Making skincare products from seaweed



When Matthew and I were beginning to look at starting Macro Oceans, one of the things that got me interested in the opportunity was the mystery of it: if seaweed is so chemically rich and so easy to grow, why isn't it used for more things?

As we dug deeper into this question, I became convinced that there aren't fundamental reasons why seaweed can't be used for more things; instead, someone had to come along and make it happen.

While there have been many setbacks, false starts, and complexities over the past three years, I haven't seen anything that has changed my mind about this. Seaweed does have natural assets and it should be used for more things.

Today we announced the launch of our first product, Hydrating Marine Polysaccharides, which is our first contribution making this happen.

Hydrating Marine Polysaccharides is a bio active cosmetic ingredient, which means it's the thing that makes a skincare or haircare product make your skin feel better or hair look better. It has proven hydrating properties and a true clean beauty profile: zero waste, fully traceable to the farm in Alaska where it was grown. I'm excited to build on this in 2024!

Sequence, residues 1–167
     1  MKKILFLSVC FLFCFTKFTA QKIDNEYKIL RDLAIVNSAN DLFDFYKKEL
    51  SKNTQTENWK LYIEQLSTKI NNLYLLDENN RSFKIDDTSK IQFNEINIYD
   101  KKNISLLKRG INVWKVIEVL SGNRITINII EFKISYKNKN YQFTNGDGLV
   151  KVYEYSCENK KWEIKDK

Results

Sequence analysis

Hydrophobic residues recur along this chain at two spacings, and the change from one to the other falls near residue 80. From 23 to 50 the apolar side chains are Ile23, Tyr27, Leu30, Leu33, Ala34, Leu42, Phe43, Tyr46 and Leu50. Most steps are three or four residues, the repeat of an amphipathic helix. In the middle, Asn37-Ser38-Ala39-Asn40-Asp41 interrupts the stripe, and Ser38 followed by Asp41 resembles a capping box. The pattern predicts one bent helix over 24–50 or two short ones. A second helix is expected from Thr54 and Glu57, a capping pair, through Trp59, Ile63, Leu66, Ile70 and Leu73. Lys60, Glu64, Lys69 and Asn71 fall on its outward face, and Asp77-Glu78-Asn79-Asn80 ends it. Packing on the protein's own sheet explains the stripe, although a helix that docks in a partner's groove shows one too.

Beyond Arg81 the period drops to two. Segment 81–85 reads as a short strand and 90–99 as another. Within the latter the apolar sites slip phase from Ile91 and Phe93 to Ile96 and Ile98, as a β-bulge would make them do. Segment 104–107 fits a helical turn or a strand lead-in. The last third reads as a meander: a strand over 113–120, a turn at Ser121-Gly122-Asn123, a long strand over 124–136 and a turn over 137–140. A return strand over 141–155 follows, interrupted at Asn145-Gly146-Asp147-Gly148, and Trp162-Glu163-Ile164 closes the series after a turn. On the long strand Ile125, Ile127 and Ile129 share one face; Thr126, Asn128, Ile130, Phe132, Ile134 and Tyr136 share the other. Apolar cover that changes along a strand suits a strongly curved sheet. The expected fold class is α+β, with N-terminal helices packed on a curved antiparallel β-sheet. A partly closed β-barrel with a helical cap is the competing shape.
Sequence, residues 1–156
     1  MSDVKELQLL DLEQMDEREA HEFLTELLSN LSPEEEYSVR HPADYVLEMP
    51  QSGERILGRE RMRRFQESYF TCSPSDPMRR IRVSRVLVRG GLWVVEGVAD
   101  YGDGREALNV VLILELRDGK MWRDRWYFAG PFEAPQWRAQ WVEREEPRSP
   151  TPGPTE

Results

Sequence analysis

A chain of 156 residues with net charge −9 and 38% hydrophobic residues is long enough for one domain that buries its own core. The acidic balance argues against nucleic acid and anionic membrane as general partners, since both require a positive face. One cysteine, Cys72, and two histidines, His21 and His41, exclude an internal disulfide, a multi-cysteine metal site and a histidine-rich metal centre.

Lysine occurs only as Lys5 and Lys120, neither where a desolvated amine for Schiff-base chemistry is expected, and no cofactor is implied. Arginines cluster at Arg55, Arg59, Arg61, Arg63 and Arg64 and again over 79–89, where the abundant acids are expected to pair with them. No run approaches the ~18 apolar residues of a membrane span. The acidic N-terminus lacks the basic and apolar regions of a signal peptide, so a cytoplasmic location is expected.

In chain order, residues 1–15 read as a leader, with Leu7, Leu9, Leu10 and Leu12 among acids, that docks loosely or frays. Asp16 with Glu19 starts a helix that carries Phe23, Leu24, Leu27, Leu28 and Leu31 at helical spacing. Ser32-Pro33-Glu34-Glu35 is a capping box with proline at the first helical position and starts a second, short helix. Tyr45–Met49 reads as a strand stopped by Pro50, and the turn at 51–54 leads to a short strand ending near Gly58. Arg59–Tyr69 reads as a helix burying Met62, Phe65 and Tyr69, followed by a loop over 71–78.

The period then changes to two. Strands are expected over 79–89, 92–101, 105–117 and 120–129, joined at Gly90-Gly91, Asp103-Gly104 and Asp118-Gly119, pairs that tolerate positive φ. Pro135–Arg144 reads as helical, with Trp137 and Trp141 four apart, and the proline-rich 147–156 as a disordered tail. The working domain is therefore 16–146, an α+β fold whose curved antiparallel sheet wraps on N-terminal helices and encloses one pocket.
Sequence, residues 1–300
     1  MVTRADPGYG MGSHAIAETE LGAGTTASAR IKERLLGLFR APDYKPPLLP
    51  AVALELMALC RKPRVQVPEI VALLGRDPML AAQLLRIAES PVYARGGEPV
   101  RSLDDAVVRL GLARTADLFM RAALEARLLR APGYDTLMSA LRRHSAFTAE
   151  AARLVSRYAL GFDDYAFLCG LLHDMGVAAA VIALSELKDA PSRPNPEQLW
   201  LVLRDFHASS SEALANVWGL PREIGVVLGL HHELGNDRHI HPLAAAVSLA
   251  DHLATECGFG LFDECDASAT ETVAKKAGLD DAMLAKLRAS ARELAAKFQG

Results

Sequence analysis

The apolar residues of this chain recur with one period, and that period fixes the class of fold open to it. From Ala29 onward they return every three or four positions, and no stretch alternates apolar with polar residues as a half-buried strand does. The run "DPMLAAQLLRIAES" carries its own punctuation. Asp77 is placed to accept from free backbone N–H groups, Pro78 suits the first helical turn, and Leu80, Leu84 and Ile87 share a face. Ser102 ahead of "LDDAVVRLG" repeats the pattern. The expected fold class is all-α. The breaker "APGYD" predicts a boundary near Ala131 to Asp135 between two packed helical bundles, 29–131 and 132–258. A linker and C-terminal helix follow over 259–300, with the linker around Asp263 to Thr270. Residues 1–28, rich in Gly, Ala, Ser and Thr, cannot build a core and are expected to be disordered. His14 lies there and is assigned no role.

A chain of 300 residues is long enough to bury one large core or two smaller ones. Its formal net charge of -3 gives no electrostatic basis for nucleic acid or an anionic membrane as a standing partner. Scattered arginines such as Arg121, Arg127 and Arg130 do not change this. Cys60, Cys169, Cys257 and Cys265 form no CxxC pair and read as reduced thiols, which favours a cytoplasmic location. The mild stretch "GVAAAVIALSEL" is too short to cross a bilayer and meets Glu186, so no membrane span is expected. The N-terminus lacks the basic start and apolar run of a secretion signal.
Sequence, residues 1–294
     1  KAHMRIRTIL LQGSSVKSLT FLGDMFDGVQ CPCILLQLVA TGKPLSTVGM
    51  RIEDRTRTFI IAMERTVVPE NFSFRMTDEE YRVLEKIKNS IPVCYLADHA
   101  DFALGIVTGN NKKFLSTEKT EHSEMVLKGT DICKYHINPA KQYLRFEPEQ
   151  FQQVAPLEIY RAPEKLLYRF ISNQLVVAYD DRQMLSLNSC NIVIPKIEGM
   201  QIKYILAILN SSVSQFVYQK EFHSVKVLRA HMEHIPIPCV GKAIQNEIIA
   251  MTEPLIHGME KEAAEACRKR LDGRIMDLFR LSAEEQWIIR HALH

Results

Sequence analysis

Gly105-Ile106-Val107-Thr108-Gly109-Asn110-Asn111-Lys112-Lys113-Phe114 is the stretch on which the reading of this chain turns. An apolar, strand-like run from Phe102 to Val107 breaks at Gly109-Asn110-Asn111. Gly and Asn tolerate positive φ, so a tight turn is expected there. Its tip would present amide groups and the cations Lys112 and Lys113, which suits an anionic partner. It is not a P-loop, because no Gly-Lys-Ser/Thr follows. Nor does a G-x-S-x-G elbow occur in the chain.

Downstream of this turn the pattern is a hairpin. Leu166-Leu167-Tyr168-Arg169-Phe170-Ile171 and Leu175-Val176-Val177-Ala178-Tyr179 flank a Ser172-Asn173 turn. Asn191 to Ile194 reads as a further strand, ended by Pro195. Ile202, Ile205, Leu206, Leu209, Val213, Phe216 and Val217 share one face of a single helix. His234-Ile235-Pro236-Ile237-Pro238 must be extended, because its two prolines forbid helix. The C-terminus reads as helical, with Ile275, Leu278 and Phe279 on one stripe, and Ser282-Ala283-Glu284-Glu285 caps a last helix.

Some personal reflections

  • This is my first cosmetic ingredient. I've launched more software products than I can count, but it was fun try this in a new domain. I was surprised at how much transferred!
  • In particular, cosmetic ingredients reminds me of developer products. The formulator is hiring your ingredient to do a job. This job is functional, but it's also a part of the marketing story for the product.
  • An added complexity is the brand / incubator / manufacturer relationship. Manufacturers purchase the ingredients, but brands ultimately own the formulas.
  • I'm really proud of how fast the Macro Oceans team moved to make this launch happen; we had our first planning meetings about this product in March and did our first manufacturing runs in August.

Alaska kelp harvest falls by 30%


From Macro Oceans:

We spoke to half a dozen farmers across the state (if we missed you, please reach out!). All the data was self-reported and although we received updates from the same number of farmers as last year, we know of a few farmers who did not respond, so this total is probably a bit lower than reality. The results: total production in 2023 was 389,900 wet lbs, down 30% on last year.

It's clear to me that the bottleneck for the seaweed industry is customer demand.

Alaskan Seaweed Update


The Alaskan Seaweed crop has expanded ~30x since 2017. That is from Macro Ocean’s grower survey in partnership with the McKinley Research Group.